There is no shame in the new 2.4GHz radios.  Just the opposite.  It's a great new innovation that prevents your aircraft from getting "shot down" by a fellow flyer on the same channel.

I, too, use the Spektrum DX7 radio and would have nothing else.  I'm a bit confused by your desire to have a "long range system".  It's no fun when you fly your airplane out of sight.  2.4 GHz gear can do that.  But so could the older 72 Mhz stuff if you let it.

Have fun and happy flying.

73,

Terry, WØFM
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AK7V
Member

Posts: 251




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« Reply #7 on: August 15, 2011, 01:46:12 PM »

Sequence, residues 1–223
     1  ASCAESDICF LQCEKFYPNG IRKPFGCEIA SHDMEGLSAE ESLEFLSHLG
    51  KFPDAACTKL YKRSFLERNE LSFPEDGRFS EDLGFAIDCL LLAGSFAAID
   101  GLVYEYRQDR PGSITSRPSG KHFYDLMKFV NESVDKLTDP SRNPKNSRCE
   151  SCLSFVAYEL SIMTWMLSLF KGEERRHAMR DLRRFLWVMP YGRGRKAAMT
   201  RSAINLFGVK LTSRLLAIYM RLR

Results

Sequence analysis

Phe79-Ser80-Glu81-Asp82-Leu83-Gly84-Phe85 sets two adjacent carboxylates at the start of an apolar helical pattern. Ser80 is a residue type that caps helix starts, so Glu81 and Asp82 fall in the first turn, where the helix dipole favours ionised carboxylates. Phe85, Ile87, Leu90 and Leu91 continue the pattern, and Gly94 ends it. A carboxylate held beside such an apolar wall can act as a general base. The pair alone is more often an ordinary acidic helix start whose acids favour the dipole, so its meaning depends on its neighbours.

Also, take a look at the HiTec Aurora 9 2.4GHz system.  Better than the Spektrum in my experience, and more bang-for-the-buck than Futaba.
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K2OWK
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Posts: 1077




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« Reply #8 on: August 15, 2011, 01:52:30 PM »

I am back again. If you have any thought of flying using an unmanned aircraft (RC) with a video camera and transmitter in the plane to control it out of visual sight. It is not only dangerous it is against AMA rules, and could get you into real trouble if something happens while you are not in visual sight of your aircraft. I would not do this, if this is what you have in mind. Just about all RC transmitters are fully capable of very long range control within visual limits.

73s

K2OWK
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W0FM
Member

Posts: 2057